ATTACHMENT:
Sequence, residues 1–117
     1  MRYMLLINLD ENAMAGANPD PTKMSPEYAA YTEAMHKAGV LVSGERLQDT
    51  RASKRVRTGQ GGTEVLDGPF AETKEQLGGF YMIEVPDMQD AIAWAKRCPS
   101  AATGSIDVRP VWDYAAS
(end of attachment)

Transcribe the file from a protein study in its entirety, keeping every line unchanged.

Sequence, residues 1–117
     1  MRYMLLINLD ENAMAGANPD PTKMSPEYAA YTEAMHKAGV LVSGERLQDT
    51  RASKRVRTGQ GGTEVLDGPF AETKEQLGGF YMIEVPDMQD AIAWAKRCPS
   101  AATGSIDVRP VWDYAAS